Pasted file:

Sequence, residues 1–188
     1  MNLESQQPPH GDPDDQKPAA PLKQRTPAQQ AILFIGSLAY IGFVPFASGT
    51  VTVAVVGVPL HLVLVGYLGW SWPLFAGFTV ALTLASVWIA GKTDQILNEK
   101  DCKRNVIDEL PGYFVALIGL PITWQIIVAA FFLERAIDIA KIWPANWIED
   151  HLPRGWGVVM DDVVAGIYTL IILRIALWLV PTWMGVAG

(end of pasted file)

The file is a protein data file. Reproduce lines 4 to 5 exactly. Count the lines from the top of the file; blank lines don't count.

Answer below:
   101  DCKRNVIDEL PGYFVALIGL PITWQIIVAA FFLERAIDIA KIWPANWIED
   151  HLPRGWGVVM DDVVAGIYTL IILRIALWLV PTWMGVAG